Appeal of the Great Cities
There were other unique strengths of urban life in the 1930s, which gave reassurance to their inhabitants, especially those in the great metropolitan cities (New York and Chicago, then nearly 10% of America's population): they provided valuable psychological capital for their residents, a sense they were an elite population, gifted as a community and hence also as individuals to live in incomparable places of vitality, excitement, and personal fulfillment. 1 This supposition was not merely comfortably maintained by New Yorkers and those who lived in other mammoth cities in America, it was impressively endorsed by their countrymen in the outlands who added to their rising populations or who visited ritualistically to pay them homage. Our presentation will be primarily concerned with New York, with passing references to Chicago to illustrate parallel developments in the great cities.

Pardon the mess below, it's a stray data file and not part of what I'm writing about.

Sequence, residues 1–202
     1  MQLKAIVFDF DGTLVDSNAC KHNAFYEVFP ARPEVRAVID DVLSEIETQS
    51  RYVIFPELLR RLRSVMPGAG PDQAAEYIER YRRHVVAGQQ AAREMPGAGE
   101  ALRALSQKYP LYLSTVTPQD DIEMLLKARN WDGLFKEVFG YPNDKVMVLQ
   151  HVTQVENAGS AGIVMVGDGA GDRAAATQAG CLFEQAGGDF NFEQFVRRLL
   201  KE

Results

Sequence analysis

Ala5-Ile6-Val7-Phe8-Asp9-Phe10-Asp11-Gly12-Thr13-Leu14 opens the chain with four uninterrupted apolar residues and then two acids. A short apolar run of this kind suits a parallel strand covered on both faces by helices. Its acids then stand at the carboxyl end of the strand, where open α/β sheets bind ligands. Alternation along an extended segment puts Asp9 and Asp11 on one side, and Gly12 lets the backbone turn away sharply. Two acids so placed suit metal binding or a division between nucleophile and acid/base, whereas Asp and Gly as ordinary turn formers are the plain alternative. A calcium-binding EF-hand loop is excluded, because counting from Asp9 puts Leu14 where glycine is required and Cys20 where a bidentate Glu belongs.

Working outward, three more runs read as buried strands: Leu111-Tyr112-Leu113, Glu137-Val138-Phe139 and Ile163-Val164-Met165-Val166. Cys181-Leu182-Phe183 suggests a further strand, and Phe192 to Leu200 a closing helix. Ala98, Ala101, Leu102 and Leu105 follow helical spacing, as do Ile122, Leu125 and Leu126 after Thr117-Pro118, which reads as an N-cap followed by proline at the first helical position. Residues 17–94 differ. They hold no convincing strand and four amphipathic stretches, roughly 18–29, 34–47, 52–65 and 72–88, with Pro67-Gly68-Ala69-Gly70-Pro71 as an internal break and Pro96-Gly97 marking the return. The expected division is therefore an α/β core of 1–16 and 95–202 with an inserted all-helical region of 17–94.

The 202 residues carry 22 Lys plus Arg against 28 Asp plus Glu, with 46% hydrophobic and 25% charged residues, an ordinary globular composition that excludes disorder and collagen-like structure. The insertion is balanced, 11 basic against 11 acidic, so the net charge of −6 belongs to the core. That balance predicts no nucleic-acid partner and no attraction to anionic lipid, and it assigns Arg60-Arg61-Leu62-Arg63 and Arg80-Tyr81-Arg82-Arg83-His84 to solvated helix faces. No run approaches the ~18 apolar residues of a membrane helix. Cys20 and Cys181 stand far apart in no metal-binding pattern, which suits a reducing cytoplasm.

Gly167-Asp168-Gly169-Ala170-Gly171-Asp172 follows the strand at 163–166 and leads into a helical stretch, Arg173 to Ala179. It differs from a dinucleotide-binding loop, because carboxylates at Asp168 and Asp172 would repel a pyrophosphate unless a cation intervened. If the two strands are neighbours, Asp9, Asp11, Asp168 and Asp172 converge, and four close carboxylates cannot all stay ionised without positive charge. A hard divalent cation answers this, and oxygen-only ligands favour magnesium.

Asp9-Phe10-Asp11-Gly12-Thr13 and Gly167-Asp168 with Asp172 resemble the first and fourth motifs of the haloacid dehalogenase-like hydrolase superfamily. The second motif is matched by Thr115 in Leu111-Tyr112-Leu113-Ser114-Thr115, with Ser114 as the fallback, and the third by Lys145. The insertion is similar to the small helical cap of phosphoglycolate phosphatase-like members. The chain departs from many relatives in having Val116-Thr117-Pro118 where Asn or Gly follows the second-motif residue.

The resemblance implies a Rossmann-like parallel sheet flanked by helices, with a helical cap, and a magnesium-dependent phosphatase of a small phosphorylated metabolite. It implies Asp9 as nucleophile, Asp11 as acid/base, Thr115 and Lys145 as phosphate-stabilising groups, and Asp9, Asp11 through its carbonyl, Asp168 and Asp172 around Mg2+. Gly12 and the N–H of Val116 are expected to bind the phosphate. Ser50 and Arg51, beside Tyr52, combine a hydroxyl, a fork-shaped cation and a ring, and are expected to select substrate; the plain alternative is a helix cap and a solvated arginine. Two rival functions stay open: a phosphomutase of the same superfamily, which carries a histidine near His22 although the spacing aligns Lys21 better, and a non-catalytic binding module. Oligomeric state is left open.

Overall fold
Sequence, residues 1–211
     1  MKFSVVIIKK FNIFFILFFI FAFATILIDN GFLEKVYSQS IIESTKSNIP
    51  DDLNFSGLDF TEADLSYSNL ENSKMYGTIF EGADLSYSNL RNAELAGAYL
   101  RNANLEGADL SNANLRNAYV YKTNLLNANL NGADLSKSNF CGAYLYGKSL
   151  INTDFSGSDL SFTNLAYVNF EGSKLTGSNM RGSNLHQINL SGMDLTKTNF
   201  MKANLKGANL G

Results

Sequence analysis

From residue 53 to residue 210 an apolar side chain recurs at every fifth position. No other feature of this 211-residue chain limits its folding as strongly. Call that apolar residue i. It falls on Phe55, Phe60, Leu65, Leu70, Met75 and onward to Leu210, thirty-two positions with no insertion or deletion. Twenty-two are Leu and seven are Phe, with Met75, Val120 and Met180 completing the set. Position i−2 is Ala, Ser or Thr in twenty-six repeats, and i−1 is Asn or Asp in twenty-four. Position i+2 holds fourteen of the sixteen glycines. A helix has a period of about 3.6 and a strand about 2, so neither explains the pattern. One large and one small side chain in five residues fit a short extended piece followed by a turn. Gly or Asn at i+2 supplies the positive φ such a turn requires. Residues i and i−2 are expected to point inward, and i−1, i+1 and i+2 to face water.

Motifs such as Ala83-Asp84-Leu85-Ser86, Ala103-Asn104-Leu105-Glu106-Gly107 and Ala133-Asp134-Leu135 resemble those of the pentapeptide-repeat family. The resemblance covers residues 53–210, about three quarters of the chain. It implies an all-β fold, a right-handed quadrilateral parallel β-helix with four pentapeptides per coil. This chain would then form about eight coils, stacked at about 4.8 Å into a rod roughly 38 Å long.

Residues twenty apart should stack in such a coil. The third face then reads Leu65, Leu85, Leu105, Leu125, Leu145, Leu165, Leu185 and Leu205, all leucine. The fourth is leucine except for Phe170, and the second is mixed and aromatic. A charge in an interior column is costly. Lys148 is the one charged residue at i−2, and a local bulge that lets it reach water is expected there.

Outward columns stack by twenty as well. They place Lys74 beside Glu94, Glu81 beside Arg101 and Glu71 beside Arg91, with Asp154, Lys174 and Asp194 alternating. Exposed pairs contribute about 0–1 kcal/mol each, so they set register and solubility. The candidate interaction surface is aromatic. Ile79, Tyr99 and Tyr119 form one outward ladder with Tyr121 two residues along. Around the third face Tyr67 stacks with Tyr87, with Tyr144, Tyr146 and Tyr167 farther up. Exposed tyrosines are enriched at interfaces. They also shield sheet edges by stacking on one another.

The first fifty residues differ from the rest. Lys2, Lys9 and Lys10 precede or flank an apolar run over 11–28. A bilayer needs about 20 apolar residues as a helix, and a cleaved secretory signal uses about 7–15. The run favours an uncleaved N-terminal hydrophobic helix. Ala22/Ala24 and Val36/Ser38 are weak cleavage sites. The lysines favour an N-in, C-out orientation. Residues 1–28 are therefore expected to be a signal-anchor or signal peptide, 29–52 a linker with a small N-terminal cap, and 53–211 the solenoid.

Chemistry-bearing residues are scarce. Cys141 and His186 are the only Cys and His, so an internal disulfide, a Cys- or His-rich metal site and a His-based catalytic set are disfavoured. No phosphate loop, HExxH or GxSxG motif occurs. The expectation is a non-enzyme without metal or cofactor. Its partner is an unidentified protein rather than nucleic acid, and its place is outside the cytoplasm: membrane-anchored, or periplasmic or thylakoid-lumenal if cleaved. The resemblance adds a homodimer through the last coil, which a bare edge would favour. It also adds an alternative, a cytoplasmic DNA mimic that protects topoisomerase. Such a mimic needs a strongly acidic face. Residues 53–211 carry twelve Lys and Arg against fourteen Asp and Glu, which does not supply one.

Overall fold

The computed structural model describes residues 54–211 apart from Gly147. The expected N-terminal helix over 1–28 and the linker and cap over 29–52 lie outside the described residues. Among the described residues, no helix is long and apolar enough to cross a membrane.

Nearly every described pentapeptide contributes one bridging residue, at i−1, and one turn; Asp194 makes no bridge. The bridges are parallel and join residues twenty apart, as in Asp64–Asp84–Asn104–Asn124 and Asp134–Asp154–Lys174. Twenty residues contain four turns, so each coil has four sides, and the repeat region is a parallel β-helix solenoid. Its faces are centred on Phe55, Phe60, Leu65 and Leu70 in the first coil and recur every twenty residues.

Although seemingly incomprehensible to later generations of Americans, the great cities of the 1930s were then considered enviable places to work and live; they enjoyed higher standards of living (they were more likely to have conveniences such as electricity, bathtubs, and hot water, and higher per-capita wealth), and were relatively safe; one could walk New York's streets at night in the most diverse locations without "the slightest sense of danger." 2 But the main appeal of the great cities for numerous Americans was their avant-garde character. They were more interesting, more stimulating, more sophisticated than other places; they provided bright lights, personal freedom, and an everyday ambient world of theater, but also the best museums, the finest entertainment, and recreation, including first-class sports and all the serious culture one wished and could afford. For these reasons, many persons living there embodied a unique and indissoluble ur